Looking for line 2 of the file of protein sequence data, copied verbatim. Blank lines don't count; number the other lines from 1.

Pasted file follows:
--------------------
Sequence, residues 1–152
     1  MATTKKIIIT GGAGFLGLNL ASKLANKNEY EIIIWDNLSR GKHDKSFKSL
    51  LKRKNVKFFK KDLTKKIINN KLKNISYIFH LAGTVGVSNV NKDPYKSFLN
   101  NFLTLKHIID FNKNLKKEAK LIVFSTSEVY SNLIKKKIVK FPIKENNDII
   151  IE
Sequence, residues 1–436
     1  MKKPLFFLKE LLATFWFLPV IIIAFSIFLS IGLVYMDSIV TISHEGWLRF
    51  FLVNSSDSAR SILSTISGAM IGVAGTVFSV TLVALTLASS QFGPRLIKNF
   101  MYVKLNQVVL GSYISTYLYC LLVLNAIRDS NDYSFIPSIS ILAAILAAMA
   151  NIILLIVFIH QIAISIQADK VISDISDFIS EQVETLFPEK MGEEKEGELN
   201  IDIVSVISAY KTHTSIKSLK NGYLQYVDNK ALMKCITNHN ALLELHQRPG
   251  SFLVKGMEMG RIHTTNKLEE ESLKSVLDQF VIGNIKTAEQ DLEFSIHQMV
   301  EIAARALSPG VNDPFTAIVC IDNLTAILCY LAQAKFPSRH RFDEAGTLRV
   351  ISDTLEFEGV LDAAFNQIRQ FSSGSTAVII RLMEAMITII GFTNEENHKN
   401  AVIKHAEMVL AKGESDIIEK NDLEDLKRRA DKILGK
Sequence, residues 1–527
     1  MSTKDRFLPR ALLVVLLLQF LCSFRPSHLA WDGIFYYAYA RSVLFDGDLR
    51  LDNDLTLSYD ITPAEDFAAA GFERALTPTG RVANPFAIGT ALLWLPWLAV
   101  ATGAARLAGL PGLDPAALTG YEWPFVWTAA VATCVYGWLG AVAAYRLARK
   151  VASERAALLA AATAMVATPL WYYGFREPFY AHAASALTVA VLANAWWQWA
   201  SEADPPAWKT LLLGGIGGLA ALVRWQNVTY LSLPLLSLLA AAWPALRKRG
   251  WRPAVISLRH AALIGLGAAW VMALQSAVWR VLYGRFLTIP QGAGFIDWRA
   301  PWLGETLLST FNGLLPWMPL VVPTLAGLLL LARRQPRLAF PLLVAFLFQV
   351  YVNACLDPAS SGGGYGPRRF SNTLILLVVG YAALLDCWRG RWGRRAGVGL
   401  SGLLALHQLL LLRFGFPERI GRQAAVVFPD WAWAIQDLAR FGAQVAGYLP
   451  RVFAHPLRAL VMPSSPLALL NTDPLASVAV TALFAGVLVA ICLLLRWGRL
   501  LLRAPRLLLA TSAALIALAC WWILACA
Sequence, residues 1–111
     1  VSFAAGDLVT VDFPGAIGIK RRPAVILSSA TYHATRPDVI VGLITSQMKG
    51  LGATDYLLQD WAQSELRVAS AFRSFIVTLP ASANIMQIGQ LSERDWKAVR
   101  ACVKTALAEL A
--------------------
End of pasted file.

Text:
     1  MATTKKIIIT GGAGFLGLNL ASKLANKNEY EIIIWDNLSR GKHDKSFKSL